Ian Bach

Viewing conflicts through the eye of Counterinsurgency COIN – Since 2007

“The Kite Runner” – movie trailer

Click HERE to view the Movie Trailer

This winter a heart warming and heart wrenching movie of the book “the Kite Runner” will be in movie theaters around the world. I hope that you view this movie. The story is truely something that takes you from laughter to tears, joy to sadddnes, desperation to hope.

I predict that this movie will generate alot of interest around the world. I also am very hopeful that this movie will help people around the world to understand much more about Afghanistan. – Ian Bach

Click here to view or join my Kite Runner Movie Group

Many Thanks, and Best Wishes, Ian Bach

I have included some reviews of the book in the comments sections of this Blog entry.

The following was posted by Author Khaled Hosseini
posted at http://www.kiterunnermovie.com/club/blog/

“I want to take this opportunity to welcome you to The Kite Runner club and thank you for the support and encouragement that you have given me over the last four years. In many ways, the success of The Kite
Runner is an unlikely story. It is populated by characters who live in a distant and, to many in the west, enigmatic country. It is often dark and brutal. Its central character, Amir, is weak, and his behavior is often infuriating. It was published in mid 2003 without much fanfare without the benefit of a huge marketing plan. However, this book has connected now with millions of people around the world. To me, that is a testament to the power of the word-of-mouth phenomenon. From very early on, the response among readers to The Kite Runner was intense and passionate. A grassroots-based, groundswell of support among readers like you kept building over the span of a year or more. Until one day in late 2004, while flying across the country, I saw the passenger next to me reach into her bag and fetch a copy of The Kite Runner. The success of this book is also testament to the ability of fiction to connect people of differing religions, cultures, languages, and nationalities. Regardless of our background, we identify with experiences that are universally human. We identify with Amir’s guilt, his self-loathing, his desire to transcend his own weak nature. Friendship, loss, guilt, forgiveness, atonement are not Afghan experiences but human ones, and fiction is uniquely able to tap into what is common in us all.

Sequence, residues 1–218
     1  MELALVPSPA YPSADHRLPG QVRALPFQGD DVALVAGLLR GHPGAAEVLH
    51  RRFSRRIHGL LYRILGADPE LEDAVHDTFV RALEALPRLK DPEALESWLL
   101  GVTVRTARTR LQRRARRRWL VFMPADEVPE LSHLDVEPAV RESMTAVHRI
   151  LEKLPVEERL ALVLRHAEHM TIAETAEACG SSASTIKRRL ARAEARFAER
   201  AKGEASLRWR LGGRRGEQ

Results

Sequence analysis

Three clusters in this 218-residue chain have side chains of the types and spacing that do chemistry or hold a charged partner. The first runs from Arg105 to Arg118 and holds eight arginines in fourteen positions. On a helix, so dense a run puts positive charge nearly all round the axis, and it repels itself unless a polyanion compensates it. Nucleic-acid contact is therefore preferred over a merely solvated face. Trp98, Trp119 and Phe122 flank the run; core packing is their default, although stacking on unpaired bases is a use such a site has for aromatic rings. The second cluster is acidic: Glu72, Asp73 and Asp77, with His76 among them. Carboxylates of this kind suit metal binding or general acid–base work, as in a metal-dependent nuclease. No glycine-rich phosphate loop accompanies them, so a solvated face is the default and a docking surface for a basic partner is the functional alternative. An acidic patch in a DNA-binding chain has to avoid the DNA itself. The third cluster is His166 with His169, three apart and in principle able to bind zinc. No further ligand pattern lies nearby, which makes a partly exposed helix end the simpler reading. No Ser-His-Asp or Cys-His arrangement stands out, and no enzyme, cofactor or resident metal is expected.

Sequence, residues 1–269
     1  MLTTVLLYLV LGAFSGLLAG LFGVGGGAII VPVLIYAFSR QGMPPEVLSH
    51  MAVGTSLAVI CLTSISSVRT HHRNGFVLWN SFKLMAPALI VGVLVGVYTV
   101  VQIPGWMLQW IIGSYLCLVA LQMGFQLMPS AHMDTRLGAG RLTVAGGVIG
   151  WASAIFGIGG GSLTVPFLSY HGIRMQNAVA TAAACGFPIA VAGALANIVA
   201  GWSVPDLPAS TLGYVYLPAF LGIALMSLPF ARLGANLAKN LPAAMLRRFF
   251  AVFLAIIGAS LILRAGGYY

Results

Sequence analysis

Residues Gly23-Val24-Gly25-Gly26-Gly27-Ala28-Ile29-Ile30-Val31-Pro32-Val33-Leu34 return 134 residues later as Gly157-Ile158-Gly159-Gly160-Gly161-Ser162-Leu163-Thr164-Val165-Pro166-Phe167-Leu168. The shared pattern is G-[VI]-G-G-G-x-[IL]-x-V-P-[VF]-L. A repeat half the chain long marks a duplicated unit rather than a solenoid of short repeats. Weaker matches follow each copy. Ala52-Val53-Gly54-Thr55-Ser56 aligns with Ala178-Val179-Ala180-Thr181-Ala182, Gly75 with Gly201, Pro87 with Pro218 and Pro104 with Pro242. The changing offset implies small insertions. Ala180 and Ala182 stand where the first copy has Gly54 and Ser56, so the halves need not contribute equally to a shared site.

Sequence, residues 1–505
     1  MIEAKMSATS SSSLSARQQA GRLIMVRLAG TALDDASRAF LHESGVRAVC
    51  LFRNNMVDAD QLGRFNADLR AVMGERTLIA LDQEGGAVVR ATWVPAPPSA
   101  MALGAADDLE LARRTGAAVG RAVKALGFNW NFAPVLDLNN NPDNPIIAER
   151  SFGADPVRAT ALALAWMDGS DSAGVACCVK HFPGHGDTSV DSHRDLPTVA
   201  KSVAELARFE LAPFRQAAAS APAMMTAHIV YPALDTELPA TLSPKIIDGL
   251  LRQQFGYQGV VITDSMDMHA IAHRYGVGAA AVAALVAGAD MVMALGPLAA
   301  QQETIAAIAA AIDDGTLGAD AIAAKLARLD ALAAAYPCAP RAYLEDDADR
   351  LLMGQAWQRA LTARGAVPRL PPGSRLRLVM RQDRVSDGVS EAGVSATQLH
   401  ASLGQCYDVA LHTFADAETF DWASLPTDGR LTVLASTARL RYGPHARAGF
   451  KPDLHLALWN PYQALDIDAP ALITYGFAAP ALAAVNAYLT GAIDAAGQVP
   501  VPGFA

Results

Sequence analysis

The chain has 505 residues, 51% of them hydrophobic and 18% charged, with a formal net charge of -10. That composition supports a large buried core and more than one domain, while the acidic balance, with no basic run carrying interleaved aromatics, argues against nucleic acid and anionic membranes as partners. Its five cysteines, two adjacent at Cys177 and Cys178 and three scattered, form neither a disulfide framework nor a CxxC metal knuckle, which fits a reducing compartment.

I want to thank you for reading The Kite Runner, and for communicating to me over the years what this story means to you. When I set out to write this book, I never imagined that it would be published, let alone that I would receive such warm and kind letters from Paris, Tel-Aviv, Cairo, Rio, Kabul. As a writer, I could not possibly ask for more. I can never thank you enough.
Khaled Hosseini”


About Ian Bach

Independent Online Terrorist Hunter I teach people how to hunt down and shut down the Bad guys web sites. I also teach about the various countries and cultures. Like most cases it is a small group of bsd eggs that in this case call themselves Muslims but in actual fact they are more like how KKK call themselves ",True Christisians". But in both cases / groups they preach a perverted and twisted view a religion. In the case of ISIS, all Qaeda, al Nusra, and the rest of the terrorists who claim to be true Muslims most of these groups follow the Wahhabi teachings. They are almost all Sunni and their goal is global domination. Yet they must be very bad at math and history. Since most Muslims prefer a separation of church and state and also mist are against Shari's Law. Esp the twisted and overly exaggerated form of Sharia Law that the Wahhabi and other bad guys use. I have studied terrorism, insurgencies, and the best tried and proven methods that work to fight terrorism. My Blogs have many links and articles that can show you who are the best and most knowledgeable people in the fields or counterinsurgency and counter terrorism. When I find great practitioner's I always listen to them to find out who they learned from and who they respect and admire. Thus I am always learning new stuff from the best and most successful in their fields of knoeledge. I strive to be an open and ethical source of information, I have met many awesome, kind, caring, and loving wonderful people many who I am close friends with now from Afghanistan, Iraq, Syria, Turkey, Iran, and many from S.E. Asia which also has a high percent of their populations that are Muslim.We must always strive to be aware people are not any one particular religion via that's what they chose to be, instead most people are a particular religion because that's what their parents and/or county is. I was raised Catholic but because I became Interested in magic ,(illusion - smoke n mirrors) and science which lead me to study many religions, and I would call myself an atheist. Yet sometimes when I lose my keys ZI find myself praying "Hail Marys" and a few "Our Fathers" which most always aides me in finding my keys. My belief is that if I just frantically look around for my krys, good luck it takes me for ever. But by saying these prayers it is like s sort of meditation and my mind becomes more calm, which is why it helps my find my keys.